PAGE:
Odd Jobs Teachers Held Before Coming to Helias Catholic By Abi Fast

Many students may have wondered what kind of oddball jobs their teachers have held but kept quiet about.

Mrs. Kathy Jarmin used to be a ward clerk at St. Mary’s on the fourth floor in the medical wing. When asked about her most interesting experience working there, she said, “I had to take a dead body to the morgue in the basement once. That was kinda creepy.”

As an engineer, Mr. Matt Zeitz worked in the diaper department at Procter and Gamble. Coach Ron Eickmeyer was the only guy working at Pizza Hut and also worked as a bouncer at a bar. Some teachers, such as Coach Brad Hake, have held a wide assortment of jobs. Hake has worked at a firework stand, Wagner Motor Service, Schulties IGA, sold Christmas trees, done custodial service and construction work. He has also worked as a primary school teacher, but he claims they were less fond of his jokes. “The most important job I have,” Hake stated, “is to be a dad to my kids.”

Mrs. Shelley Swoyer used to be a practicing family and administrative lawyer. She says her most exciting case was a pro bono case for a prisoner who had murdered his roommate.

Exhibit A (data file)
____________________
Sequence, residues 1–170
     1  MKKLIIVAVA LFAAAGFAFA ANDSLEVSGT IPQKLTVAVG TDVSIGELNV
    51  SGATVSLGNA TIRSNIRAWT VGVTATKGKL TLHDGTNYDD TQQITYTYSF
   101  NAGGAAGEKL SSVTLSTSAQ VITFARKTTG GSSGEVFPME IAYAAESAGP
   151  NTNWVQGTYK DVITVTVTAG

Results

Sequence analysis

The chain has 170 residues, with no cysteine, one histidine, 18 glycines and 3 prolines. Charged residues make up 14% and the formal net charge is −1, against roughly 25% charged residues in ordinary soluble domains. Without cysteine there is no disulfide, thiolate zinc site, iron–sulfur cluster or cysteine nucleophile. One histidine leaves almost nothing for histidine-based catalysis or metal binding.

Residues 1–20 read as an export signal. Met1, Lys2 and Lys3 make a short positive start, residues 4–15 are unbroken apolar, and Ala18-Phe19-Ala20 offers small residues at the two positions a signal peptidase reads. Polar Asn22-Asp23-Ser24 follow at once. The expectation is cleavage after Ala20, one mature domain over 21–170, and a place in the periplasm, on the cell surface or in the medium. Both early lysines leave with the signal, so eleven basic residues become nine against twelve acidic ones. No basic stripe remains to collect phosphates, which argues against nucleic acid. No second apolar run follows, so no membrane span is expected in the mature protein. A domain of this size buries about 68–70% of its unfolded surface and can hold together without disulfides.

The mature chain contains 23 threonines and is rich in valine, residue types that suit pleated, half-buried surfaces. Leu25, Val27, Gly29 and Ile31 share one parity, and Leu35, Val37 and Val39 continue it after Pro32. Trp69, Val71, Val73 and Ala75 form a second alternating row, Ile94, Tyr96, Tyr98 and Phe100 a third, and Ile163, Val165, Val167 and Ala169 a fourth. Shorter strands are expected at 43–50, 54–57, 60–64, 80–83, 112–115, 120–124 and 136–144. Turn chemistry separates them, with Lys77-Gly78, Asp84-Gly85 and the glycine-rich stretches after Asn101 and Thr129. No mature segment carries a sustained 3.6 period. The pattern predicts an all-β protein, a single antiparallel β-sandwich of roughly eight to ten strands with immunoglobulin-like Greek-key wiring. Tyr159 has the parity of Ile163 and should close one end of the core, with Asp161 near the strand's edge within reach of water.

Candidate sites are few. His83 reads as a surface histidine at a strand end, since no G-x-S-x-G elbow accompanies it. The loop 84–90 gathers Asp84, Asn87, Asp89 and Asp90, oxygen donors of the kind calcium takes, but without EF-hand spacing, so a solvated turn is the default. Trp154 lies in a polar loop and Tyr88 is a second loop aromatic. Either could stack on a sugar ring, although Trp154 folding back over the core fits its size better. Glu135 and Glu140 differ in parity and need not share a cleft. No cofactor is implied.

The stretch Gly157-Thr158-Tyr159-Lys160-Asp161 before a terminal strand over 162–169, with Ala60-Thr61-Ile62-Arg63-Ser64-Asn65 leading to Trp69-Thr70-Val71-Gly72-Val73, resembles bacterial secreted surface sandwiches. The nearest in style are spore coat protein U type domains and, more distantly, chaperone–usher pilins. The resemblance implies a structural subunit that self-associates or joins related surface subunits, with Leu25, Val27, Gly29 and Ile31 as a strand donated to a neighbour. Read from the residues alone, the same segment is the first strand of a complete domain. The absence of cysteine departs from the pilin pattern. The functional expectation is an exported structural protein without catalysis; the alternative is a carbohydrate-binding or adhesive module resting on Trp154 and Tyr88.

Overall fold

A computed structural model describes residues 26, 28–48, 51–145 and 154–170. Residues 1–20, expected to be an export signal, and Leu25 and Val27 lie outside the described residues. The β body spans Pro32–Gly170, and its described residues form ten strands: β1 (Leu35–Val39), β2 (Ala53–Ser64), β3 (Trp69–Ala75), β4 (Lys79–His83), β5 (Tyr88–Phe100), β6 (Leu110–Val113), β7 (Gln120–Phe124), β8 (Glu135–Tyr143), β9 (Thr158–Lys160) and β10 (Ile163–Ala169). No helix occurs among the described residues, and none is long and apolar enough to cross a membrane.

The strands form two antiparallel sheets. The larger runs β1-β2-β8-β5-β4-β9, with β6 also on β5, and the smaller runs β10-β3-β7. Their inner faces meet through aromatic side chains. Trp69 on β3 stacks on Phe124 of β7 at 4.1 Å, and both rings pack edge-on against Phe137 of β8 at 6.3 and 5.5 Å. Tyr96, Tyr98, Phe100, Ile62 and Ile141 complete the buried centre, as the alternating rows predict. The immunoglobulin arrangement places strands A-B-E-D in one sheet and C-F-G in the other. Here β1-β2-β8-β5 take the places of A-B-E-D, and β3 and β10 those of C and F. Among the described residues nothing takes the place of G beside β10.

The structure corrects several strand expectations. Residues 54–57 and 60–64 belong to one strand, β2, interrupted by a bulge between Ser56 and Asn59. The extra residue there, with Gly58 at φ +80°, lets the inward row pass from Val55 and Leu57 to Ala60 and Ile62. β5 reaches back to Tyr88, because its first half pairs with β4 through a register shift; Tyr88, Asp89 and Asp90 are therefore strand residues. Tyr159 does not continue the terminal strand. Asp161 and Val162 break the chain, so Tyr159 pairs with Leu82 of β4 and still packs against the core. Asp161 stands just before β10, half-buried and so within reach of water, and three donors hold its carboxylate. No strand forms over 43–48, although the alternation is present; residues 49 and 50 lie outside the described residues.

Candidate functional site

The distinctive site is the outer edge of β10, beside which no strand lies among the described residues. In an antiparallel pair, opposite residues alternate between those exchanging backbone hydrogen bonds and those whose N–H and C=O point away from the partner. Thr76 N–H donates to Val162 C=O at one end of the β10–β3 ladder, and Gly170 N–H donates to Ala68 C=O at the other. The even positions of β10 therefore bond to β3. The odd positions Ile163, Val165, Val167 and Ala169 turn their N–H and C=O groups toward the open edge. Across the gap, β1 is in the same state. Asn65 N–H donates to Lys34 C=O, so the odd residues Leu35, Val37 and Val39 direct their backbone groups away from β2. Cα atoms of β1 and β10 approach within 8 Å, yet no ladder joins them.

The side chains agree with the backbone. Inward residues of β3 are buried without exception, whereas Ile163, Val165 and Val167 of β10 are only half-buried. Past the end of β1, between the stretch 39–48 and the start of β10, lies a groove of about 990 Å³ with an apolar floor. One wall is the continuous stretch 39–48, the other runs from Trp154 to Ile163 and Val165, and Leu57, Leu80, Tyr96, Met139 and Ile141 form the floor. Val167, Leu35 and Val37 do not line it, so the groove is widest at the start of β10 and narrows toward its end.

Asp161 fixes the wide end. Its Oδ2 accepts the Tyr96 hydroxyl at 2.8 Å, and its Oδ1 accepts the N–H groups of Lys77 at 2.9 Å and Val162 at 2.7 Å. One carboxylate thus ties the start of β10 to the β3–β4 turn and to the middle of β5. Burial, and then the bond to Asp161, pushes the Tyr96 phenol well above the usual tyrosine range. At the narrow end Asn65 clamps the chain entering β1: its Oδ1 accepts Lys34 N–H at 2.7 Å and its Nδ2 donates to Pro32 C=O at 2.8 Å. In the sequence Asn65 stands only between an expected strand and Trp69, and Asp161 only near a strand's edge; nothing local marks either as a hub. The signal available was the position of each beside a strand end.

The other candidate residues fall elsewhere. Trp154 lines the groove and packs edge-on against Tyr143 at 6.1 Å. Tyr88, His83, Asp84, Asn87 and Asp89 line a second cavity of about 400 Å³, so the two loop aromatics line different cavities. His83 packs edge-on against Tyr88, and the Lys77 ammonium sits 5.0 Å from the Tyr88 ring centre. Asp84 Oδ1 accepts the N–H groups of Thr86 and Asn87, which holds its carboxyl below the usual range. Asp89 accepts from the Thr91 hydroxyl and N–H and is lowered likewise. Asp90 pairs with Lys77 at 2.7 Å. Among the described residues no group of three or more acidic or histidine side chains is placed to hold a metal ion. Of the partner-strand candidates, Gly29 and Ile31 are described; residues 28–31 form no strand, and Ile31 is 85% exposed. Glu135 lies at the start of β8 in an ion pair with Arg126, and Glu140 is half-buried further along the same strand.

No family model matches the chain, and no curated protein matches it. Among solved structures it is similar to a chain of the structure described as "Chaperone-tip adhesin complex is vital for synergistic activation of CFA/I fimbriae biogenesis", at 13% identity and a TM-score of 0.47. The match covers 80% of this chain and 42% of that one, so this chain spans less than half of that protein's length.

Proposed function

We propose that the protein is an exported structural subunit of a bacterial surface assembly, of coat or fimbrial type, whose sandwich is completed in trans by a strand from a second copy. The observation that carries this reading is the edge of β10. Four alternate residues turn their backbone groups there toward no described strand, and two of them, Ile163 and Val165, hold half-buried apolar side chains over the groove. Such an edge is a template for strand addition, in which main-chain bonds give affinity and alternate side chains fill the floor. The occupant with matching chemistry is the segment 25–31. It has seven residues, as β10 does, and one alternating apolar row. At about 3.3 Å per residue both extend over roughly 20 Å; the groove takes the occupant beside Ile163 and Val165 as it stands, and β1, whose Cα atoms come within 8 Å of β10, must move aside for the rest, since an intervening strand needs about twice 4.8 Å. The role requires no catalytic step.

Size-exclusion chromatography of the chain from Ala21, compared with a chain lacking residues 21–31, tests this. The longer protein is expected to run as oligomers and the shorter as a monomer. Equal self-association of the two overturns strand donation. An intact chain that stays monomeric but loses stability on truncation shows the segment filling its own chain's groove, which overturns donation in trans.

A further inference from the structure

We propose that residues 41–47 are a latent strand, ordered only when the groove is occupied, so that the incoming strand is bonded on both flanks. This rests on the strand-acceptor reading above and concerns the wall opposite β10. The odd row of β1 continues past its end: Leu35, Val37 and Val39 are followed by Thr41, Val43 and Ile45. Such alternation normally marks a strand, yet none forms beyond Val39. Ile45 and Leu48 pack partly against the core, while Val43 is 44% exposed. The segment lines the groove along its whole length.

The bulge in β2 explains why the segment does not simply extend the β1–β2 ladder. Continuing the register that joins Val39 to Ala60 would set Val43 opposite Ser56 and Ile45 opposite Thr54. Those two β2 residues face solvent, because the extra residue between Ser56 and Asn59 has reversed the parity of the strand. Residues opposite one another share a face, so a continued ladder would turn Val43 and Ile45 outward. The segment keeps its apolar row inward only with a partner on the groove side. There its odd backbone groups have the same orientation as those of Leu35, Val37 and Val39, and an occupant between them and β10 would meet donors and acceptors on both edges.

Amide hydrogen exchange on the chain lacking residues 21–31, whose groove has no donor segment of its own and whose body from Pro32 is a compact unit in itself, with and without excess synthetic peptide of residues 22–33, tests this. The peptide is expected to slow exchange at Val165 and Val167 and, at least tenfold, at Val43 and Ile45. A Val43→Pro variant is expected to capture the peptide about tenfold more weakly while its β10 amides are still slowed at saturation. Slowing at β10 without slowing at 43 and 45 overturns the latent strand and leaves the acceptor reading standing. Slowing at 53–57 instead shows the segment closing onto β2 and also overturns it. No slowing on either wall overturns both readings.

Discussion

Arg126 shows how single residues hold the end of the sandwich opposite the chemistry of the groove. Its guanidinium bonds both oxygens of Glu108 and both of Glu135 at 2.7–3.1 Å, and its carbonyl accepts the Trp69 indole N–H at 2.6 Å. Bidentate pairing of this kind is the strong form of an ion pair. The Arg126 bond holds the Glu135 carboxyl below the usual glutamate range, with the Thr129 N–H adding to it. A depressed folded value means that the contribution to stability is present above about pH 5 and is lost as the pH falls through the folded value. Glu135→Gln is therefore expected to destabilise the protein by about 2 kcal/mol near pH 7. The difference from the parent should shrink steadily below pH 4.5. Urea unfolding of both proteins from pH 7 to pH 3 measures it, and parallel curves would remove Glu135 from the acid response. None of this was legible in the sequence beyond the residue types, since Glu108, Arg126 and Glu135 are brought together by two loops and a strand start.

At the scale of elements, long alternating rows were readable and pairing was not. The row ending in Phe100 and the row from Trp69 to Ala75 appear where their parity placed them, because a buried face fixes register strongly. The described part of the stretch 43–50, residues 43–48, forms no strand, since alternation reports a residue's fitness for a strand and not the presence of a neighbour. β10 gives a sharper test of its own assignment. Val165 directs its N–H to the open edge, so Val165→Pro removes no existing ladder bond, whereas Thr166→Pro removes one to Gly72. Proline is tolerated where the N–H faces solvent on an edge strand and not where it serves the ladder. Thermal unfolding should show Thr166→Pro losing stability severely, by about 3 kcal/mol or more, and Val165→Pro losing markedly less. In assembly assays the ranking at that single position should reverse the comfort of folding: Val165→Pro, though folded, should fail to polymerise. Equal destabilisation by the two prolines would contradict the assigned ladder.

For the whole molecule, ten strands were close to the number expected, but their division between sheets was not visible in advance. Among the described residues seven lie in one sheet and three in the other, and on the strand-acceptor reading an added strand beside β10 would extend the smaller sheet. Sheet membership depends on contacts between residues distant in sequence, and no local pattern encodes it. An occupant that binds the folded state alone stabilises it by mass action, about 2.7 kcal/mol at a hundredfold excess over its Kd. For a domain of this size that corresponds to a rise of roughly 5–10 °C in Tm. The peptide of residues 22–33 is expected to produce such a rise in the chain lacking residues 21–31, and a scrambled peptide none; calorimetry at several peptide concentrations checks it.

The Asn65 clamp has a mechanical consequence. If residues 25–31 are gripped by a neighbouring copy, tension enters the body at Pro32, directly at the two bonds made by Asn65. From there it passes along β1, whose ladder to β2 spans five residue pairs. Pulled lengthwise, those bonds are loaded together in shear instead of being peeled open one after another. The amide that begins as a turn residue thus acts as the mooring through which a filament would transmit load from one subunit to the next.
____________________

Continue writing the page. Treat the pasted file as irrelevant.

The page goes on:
“It was really difficult doing law,” Swoyer said. “It was really depressing, and I have been a lot happier since I quit.”

“We got to eat anything that broke,” Mrs. Mary Flowers commented about her time at Gerbes as a bakery girl. She and her sister also did singing telegrams. “We appeared on T.V.—on a local channel—once to sing ‘Happy Birthday’ to an anchorman.” Flowers used to work with Christian Service Volunteer Program in Brookfield, MO. She did counseling, communion, youth ministry, and other volunteer work. One day, she told us that they had decided to take the “oldsters” (as they called the elderly people) to see her home in a neighboring town. “We couldn’t get in,” Flowers said, “so the woman instructed me how to open the kitchen window and I crawled through.”

Mrs. Christina Bockwinkel-Baker was a youth minister in St. Louis.

“I loved working with teenagers and talking to them about their beliefs and lack of beliefs,” she said. Bockwinkel-Baker said that since it was hard for kids to find time to come to youth group, she went to their sporting events, had lunch with them, and on retreats with them, which is how she first met the REAP Team. Bockwinkel-Baker realized she wanted to teach when a friend told her she needed to figure out what her heart wanted her to do. She started out at Helias as Campus Minister and taught some and then became a full-time teacher in 2013.

“I’m always really hard on myself as a teacher and Sister Barbara is really great in trying to point out our [the teachers’] strengths,” Bockwinkel-Baker said. “And those moments I was looking for as a youth minister, those happen in this classroom.”


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